If there's a statistically insignificant number of occurrences, why create a "solution" for a problem that doesn't exist. That is unless the real goal is not preventing fraud but instead preventing legitimate votes in order to bolster candidates with out of touch message and ideology. Do you really think these agendas of voter fraud are based upon good governance and controls or instead have an ulterior motive?


Your post doesn't make much sense. You say that even if a" statistically insignificant number of occurrences, why create a solution for a problem that doesn't exist".

Sorry, but the problem does exits, even if there's a "insignificant number of occurrences". Voter fraud is still voter fraud. Every illegal vote cast is still an illegal vote and there have been incidents where a single vote carried an election. If they are Dem or GOP, they committed a crime, period.

A veteran poll worker that not only MONITORS THE POLLS FOR VOTER FRAUD, but also helped register voters for the election has been indited for voting at least twice and possibly six times. How likely is it that she "helped" others make sure that their "vote counted". How possible is it that she looked the other way when people she knew had voted earlier came back to vote again. Just how many more people could she have sent in absentee ballots for that didn't even know they voted.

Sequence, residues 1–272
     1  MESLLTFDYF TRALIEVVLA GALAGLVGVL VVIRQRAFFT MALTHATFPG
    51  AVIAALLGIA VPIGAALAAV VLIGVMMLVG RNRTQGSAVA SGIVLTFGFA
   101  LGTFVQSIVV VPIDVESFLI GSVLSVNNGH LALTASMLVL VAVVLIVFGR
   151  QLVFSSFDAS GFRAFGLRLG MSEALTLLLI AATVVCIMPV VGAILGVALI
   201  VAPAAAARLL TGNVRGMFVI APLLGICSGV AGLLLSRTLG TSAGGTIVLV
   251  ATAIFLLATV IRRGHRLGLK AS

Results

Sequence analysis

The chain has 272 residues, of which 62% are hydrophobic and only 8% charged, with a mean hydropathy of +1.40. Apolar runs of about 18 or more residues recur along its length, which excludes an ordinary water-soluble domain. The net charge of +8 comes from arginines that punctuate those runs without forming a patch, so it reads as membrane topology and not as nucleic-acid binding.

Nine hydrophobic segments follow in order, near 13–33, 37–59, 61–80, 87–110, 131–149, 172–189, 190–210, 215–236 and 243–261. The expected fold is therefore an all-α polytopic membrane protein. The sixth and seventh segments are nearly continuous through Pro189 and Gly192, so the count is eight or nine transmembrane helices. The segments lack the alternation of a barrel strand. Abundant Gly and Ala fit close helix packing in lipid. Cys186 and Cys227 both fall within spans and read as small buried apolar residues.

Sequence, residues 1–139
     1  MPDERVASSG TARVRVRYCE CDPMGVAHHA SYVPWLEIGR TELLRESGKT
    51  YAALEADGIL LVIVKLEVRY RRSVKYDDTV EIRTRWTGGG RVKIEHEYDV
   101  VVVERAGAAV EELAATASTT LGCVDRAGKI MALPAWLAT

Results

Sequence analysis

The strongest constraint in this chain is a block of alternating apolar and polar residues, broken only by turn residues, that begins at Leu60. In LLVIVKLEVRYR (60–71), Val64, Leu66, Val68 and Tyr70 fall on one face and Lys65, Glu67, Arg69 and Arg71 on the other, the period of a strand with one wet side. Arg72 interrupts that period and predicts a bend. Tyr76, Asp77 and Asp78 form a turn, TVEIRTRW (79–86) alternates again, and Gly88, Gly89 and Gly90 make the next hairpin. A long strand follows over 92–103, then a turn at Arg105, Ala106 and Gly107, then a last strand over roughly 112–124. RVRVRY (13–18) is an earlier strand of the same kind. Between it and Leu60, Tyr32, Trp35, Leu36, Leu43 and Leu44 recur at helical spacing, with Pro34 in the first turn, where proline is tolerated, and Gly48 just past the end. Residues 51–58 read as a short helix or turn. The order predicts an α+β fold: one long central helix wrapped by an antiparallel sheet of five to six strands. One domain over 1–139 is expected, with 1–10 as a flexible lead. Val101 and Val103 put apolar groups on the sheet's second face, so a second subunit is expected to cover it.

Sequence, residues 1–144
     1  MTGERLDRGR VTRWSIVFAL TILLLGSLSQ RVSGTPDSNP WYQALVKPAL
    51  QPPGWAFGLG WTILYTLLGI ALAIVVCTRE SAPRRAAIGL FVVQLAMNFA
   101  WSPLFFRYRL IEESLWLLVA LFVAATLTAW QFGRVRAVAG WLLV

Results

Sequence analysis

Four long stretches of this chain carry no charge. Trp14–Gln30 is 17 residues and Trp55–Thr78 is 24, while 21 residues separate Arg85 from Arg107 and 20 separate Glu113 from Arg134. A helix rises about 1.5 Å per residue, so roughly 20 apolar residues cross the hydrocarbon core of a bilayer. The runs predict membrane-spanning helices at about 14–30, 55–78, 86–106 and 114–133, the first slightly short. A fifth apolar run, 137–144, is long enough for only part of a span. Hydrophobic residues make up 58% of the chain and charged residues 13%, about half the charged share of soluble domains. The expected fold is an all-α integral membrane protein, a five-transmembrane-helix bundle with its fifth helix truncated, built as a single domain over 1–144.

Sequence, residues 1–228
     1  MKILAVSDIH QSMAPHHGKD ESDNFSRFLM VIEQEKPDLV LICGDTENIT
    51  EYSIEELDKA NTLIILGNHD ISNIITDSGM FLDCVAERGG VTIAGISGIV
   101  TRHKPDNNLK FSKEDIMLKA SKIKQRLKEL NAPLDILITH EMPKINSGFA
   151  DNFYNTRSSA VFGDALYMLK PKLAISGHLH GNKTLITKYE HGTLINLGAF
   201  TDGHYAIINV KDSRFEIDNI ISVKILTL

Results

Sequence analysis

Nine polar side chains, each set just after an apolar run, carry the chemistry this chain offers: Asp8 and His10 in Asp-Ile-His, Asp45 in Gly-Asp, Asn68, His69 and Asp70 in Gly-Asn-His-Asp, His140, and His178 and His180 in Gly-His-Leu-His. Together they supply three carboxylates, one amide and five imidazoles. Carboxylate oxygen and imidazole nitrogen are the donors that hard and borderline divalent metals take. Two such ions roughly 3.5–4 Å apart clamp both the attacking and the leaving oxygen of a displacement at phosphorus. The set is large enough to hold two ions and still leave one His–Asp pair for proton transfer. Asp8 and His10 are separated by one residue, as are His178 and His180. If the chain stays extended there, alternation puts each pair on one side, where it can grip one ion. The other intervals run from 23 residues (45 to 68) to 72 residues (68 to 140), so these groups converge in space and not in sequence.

Did you know that the PEW Charitable Trusts report that 24 million (one out of eight) voter registrations are
no longer valid, or significantly inaccurate.
1.8 million are deceased, 2.75 million are registered in two (or more) states, and here's a shocker 51 million eligible voters are not registered.

An "insignificant number of occurrences" spread out over several districts can sway how the state goes in the election. Don't say it can't because I know you've seen an entire state go for a candidate by just over 600 votes.

 

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World Class Peach



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  posted on 3/21/2013 at 09:52 PM
I thought I'd add this. The poll worker has now been charged with fraudulent voting as far back as 2008.

 

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Peach Extraordinaire



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  posted on 3/22/2013 at 07:55 AM
quote:
quote:
There are many many elderly & poor that may not have access to documentation to obtain Id's.


Then how do they function in most everyday aspects of life ? You have to show ID to do most things like open a bank account, cash a check , or sign up for government aid/programs, such as foodstamps AFDC for poor and Social Secutiry, Medicare, ect for the elderly.


I suppose all these elderly and poor folks without documentation walked to the polls. Ya have to have a license to drive and if you are too poor or too old to drive. I am sure you have to show some kind of ID to get a free or discounted public transportation pass from the cinty or county ?